Ron May (in front) decided to organize a First Responder’s Appreciation Night after he and his wife needed assistance in the back country, but he also enlisted the help of his co-workers at Bill Howich Chrysler and his church, Christian Life Fellowship, to help out in saying thanks to those who put others first. Photo by Mike Davies/Campbell River Mirror

Bill Howich Chrysler and Christian Life Fellowship teaming up to say ‘thanks’ to our first responders

‘We just don’t say thank-you to these people enough, I don’t think’

Ron May’s sister, a 911 dispatcher in Ontario, has often told him about the stresses of her job and the jobs of those she works with in first response.

So he’s got a bit of familiarity with the emotions and struggles involved in being in emergency services.

Then one day, he and his wife actually needed their services themselves.

“Search and Rescue had to come out into the bush to pick me and my wife up after a quadding accident,” he says.

That was when he decided that a simple “thanks” wasn’t really enough.

In talking to his pastor, Blair Phibbs at Christian Life Fellowship Church, they came up with an idea.

Together with the rest of the staff at Bill Howich Chrysler – where he works as the assistant sales manager and fleet manager – they will be putting on a First Responder’s Appreciation Night at Christian Life Fellowship on May 16.

Phibbs also has some history with first responders, he says, and was more than happy to get involved when May approached him about putting on a dinner for these folks.

“I’ve been a chaplain for both police and fire services in the past, so I’m somewhat familiar with the things they have to deal with and what goes along with that,” he says. “And as part of what we do at the church, we look to find ways to do good things in the community and help people do better in life. People in police, fire, emergency services, search and rescue and those types of jobs, they have hard jobs sometimes and they see and deal with stuff that’s – well, it’s not stuff that most of us have to see – and they often carry that with them. Sometimes just saying thank you can help them. It’s a pretty simple thing we can do to encourage them.”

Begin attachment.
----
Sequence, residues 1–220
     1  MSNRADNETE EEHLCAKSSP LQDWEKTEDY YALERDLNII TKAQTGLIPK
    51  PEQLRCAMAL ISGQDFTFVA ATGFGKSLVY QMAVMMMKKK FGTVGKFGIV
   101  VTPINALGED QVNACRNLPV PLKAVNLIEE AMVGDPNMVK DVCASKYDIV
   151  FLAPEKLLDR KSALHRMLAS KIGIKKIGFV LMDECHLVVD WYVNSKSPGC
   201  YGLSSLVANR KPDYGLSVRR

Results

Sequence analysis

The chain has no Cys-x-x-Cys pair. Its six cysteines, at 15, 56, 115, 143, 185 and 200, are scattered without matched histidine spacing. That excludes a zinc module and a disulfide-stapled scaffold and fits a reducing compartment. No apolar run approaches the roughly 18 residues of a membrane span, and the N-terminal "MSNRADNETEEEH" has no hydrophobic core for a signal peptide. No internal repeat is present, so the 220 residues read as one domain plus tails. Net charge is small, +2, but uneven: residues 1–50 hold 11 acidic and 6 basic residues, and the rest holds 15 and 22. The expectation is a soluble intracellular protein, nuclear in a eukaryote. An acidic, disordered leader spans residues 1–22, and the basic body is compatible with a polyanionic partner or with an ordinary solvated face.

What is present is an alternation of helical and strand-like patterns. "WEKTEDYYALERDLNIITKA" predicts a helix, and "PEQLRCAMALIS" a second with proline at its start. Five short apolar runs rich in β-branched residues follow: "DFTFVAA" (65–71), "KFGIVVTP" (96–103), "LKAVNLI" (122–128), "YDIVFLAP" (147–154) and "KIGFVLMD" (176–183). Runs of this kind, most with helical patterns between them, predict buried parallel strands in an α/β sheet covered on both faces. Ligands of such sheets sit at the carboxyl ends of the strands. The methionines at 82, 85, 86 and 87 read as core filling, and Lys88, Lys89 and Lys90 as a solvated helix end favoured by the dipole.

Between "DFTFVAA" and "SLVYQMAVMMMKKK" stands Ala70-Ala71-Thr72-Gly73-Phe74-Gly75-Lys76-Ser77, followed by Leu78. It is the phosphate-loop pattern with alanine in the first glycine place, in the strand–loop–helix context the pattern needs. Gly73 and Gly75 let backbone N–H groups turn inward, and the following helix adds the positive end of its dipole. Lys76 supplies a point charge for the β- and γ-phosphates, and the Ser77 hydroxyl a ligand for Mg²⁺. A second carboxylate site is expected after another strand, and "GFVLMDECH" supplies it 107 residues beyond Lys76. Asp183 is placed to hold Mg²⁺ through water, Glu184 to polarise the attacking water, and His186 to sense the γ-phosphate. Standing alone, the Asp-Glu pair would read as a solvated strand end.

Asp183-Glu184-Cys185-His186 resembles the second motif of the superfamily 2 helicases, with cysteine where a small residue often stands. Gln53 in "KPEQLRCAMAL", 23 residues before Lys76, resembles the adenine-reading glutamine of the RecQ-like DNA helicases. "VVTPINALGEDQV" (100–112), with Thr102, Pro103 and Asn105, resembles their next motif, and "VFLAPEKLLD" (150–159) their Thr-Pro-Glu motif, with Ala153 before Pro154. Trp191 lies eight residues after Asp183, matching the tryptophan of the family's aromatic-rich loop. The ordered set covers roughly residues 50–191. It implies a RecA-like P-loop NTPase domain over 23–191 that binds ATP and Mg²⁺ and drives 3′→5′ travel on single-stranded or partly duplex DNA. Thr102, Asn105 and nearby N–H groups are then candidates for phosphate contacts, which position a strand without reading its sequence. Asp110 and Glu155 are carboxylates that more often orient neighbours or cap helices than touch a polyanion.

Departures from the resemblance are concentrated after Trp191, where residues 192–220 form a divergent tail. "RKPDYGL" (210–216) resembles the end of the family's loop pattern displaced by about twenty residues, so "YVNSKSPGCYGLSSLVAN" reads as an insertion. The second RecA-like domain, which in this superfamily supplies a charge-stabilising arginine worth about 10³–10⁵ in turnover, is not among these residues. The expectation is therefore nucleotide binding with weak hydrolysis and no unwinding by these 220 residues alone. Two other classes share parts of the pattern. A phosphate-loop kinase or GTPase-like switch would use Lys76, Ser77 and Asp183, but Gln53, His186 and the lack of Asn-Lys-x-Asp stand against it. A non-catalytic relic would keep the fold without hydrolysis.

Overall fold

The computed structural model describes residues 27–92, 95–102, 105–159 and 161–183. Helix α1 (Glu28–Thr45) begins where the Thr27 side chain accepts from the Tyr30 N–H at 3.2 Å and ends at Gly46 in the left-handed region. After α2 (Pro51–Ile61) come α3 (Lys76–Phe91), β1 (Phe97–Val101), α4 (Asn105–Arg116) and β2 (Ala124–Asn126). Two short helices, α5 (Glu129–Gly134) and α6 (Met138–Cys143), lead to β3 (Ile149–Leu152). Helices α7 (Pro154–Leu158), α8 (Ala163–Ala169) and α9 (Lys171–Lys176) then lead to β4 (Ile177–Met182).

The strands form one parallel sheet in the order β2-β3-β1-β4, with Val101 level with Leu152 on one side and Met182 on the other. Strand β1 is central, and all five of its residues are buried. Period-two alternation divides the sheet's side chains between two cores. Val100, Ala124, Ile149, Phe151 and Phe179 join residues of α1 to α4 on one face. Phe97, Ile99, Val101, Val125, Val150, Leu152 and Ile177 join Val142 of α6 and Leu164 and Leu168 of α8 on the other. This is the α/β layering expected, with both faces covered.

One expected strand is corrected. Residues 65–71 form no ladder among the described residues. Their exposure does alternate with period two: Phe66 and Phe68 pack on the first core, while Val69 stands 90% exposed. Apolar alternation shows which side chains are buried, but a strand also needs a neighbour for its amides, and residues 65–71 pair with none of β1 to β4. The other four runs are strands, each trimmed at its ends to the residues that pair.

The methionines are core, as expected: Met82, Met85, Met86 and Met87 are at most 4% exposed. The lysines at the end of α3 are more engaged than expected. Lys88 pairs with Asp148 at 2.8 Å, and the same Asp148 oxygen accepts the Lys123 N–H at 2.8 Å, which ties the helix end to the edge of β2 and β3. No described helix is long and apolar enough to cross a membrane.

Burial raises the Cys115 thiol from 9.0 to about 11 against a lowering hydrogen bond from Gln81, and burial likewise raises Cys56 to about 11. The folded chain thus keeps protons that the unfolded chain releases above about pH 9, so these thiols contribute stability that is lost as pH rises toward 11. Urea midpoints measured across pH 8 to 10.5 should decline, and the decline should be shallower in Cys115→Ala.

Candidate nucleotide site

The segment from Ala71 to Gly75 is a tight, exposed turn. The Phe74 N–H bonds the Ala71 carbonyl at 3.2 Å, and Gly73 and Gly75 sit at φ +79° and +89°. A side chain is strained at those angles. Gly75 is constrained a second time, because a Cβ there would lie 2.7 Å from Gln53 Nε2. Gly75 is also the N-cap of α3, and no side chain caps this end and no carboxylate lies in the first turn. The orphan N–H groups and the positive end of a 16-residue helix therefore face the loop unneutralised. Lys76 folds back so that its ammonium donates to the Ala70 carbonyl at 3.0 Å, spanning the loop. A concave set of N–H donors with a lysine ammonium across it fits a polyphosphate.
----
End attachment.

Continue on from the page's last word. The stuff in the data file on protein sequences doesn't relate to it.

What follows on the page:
“We just don’t say thank-you to these people enough, I don’t think,” May agrees. “So this is something I thought would maybe do that. They make a real impact each and every day on people’s lives, and I don’t want them to lose that idea that they’re appreciated while they’re in the day-to-day grind of doing the job.”

While they’re not getting ahead of themselves and calling it the “first annual,” event, they’d be more than happy to make it a recurring thing to say thanks to those in our community who do this important work, should the opportunity present itself.

“We’ll take whatever opportunity we can to show these people that what they do in our community is appreciated,” May says. “I think it’s something we could all do a little more. If you see a police officer or someone who does this type of work out and about, take a minute to just go over and tell them you appreciate what they do.

“But we’re going to see how this one goes and go from there,” Phibbs says.

Anyone interested in getting involved on the night as a volunteer or who wants to donate to the cause is asked to contact or call 250-287-9555. They also ask that those planning on attending as guests – the night is open to any and all first responders and their families – RSVP to that email address or phone number, as well, “just so we aren’t caught off guard and plan for 50 and then have 150 show up,” May says.

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